Bayesian Network: Independance and Conditional Independance

I'm having some misunderstanding concerning Bayesian network. My main misunderstanding are independence and conditional independence!!

If e.g. I have to calculate `P(Burglary|Johncall)`, is it `P(Burglary|Johncalls)=P(Burglary)` because i'm seeing that Burglary is independent of Johncalls??

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I'm voting to close this question as off-topic because it is not directly about programming. – Pang Feb 7 '15 at 1:57

Burglary is independent from JohnCalls given Alarm. So P(B|A,J) = P(B|A).

Explaining the example

The idea is, that John can only tell you that there is an alarm. But if you already know that there is an alarm, then the phone call from John will tell you nothing new about the possibility of a burglary. Yes, you know that John heard the alarm, but that's not what you're interested in when asking for Burglary.

Conditional Independence

In school, you've probably learned about unconditional independence, given when P(A|B) = P(A)*P(B). Unconditional independence makes things easy to calculate but happens pretty rarely - inside the belief network unconditionally independent nodes would be unconnected.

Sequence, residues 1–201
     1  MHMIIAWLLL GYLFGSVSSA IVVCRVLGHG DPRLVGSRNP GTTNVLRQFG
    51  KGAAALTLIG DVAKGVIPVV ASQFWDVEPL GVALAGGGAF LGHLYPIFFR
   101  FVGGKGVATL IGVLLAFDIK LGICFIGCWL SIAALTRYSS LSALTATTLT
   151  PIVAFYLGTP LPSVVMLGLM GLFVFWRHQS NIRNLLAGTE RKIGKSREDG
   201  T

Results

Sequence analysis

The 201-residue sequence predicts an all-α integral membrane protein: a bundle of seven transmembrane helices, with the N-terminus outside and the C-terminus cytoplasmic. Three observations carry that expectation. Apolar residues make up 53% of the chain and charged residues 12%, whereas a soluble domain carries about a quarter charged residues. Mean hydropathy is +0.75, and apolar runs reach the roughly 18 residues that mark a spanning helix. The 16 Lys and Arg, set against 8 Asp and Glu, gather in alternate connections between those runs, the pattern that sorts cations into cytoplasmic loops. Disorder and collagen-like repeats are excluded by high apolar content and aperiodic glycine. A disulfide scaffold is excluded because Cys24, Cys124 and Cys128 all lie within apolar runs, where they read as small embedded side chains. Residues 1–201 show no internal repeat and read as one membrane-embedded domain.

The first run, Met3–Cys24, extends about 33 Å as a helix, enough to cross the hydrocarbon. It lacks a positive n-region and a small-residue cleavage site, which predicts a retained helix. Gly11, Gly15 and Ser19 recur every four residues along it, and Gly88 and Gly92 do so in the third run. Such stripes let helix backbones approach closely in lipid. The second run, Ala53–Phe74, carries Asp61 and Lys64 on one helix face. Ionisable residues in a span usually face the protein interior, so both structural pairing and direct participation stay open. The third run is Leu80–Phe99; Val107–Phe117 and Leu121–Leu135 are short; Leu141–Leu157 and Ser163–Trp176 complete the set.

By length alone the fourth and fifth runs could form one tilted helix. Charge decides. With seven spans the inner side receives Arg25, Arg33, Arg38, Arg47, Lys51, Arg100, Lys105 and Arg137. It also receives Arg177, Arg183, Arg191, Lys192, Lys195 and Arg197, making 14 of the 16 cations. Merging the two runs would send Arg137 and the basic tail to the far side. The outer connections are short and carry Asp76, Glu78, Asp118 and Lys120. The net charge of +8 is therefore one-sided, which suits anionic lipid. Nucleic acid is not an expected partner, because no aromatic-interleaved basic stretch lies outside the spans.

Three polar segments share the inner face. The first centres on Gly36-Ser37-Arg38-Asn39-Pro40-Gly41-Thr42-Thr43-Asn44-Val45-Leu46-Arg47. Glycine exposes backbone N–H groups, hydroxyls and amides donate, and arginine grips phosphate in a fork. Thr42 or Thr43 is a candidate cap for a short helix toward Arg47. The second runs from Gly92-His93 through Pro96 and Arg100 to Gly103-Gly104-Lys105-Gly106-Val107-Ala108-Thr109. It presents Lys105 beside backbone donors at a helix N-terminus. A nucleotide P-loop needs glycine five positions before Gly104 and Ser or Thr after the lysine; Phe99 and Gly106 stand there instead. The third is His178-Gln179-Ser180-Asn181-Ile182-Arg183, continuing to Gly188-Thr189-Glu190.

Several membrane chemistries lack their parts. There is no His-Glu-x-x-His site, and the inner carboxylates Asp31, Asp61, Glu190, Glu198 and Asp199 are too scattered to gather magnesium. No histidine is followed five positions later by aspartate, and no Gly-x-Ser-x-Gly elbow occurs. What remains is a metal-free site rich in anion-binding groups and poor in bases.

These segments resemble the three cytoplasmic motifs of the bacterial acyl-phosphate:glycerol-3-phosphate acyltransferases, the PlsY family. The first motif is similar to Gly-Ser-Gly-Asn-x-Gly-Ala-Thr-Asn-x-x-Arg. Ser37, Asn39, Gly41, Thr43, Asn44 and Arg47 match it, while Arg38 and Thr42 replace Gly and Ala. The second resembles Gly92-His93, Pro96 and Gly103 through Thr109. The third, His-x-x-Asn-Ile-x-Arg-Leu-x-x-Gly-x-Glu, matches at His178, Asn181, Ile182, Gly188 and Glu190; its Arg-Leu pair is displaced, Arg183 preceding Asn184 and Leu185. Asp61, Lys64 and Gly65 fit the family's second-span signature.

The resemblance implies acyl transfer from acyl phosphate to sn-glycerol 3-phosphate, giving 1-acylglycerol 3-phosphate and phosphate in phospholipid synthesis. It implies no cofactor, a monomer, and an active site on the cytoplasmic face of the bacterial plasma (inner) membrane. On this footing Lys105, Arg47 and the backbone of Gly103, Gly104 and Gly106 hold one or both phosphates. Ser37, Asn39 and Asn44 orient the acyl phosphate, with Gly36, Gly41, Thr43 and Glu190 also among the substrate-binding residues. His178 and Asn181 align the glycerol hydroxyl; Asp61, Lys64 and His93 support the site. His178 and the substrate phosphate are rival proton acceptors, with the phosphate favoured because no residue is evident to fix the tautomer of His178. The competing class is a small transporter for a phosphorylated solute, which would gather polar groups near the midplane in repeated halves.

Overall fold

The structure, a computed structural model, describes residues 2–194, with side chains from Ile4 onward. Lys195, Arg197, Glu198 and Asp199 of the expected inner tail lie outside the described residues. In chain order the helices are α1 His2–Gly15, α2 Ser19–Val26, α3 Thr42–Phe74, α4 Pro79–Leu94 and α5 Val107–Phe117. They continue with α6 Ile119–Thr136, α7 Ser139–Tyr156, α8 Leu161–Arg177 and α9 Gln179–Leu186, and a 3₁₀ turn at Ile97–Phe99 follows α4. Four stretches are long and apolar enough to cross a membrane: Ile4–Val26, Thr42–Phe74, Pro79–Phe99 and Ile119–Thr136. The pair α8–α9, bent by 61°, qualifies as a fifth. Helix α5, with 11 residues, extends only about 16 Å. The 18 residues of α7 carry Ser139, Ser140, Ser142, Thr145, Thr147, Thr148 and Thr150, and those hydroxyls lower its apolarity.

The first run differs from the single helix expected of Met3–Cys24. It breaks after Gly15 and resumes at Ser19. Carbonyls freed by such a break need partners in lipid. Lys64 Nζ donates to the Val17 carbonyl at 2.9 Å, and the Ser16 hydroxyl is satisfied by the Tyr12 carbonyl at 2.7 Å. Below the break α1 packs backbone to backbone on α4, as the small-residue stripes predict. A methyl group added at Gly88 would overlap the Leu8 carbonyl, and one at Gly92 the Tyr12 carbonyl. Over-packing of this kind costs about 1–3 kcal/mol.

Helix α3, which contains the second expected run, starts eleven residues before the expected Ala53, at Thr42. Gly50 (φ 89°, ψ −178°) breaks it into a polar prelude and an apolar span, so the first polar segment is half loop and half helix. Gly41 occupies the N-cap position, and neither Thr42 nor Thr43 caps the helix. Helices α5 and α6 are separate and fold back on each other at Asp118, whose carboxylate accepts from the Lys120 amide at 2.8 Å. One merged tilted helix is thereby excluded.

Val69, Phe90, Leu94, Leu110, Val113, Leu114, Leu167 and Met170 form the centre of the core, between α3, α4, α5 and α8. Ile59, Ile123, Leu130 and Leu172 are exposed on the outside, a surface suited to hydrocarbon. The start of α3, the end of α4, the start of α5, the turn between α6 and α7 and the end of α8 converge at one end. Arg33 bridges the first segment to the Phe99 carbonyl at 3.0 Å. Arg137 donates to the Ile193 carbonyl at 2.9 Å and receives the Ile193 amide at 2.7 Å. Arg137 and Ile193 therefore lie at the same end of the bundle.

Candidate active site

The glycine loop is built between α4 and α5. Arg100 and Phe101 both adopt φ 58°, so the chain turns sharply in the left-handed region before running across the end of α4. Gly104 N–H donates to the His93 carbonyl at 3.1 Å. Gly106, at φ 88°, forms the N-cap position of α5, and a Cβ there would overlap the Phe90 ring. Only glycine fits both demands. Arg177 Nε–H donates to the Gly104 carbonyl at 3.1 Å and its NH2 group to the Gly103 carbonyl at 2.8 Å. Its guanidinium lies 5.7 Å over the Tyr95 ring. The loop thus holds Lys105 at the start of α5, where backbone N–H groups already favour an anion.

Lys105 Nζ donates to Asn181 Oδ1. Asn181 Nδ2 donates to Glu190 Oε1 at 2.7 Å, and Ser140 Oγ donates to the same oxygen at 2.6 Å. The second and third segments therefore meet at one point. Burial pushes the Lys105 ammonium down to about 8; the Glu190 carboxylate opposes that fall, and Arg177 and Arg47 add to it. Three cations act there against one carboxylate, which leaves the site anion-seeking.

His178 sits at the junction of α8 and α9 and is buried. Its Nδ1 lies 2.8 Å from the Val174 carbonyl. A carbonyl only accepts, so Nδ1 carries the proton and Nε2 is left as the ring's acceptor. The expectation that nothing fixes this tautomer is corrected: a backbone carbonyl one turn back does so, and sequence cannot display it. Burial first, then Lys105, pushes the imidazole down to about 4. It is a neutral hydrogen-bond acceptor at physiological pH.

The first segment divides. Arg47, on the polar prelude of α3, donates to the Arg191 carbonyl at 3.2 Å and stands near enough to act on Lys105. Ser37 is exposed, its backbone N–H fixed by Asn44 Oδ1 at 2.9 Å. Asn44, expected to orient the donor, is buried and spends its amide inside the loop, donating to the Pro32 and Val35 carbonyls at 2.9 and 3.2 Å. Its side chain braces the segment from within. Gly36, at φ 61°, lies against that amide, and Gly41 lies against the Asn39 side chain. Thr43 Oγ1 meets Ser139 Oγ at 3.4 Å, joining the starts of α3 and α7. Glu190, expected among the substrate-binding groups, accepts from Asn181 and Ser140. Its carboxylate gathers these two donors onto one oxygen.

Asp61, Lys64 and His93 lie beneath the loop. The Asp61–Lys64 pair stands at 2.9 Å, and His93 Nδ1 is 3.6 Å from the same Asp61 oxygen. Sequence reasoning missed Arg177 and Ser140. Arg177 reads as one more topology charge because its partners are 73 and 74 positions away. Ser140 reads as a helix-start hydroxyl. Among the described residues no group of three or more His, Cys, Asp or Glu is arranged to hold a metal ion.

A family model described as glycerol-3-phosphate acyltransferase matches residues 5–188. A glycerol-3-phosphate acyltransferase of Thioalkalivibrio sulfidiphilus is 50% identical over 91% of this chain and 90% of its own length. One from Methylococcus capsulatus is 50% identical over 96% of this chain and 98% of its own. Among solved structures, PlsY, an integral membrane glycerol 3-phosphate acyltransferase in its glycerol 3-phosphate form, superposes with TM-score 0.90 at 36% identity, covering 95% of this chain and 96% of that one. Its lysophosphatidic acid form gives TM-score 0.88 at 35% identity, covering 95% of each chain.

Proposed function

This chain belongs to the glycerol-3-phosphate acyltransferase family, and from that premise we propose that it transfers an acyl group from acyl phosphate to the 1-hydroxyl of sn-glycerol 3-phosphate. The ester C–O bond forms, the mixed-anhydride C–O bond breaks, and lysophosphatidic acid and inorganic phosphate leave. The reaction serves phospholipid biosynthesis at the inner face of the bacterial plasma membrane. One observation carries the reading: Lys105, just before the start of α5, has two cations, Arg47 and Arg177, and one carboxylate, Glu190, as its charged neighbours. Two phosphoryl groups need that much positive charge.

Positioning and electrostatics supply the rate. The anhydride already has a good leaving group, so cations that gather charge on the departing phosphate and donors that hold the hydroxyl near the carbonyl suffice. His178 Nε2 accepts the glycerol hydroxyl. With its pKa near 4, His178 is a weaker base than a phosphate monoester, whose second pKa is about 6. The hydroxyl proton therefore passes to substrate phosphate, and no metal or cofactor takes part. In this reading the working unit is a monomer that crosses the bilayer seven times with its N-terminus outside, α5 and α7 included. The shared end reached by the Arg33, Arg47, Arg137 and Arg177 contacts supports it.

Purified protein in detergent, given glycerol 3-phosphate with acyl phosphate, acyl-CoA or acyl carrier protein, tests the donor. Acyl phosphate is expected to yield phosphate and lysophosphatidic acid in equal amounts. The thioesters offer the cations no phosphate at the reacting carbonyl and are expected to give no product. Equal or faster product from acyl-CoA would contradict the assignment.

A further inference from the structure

Conditional independence on the other hand is a bit more complicated but happens more often. It means that the probability of two events becomes independent of each other when another "separating" fact is learned.

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does the markov blanket has anything to do with Conditional Independence ?? – Noor Mar 19 '11 at 6:21
@Noor A variable is independent of everything else, given its markov blanket. You don't need to know of anything that is "behind" the blanket. This is similar to markov processes, where the blanket is the last state (t-1), which makes the current state (t) independent of all other past states (< t-1). – ziggystar Mar 19 '11 at 15:38
Been a while, sorry for resurrecting this. Is the inverse conclusion valid as well? Is a variable A always dependent of everything inside its markov blanket? – Hendrik Wiese Mar 24 '15 at 13:31
@HendrikWiese Given one node `A`, all other nodes are always a valid Markov Blanket–so the answer is no. But your statement holds for a minimal Markov Blanket, i.e. one where you cannot remove a variable without invalidating the Markov blanket. – ziggystar Mar 24 '15 at 13:38
I see. Thanks for the explanation, @ziggystar. – Hendrik Wiese Mar 24 '15 at 15:35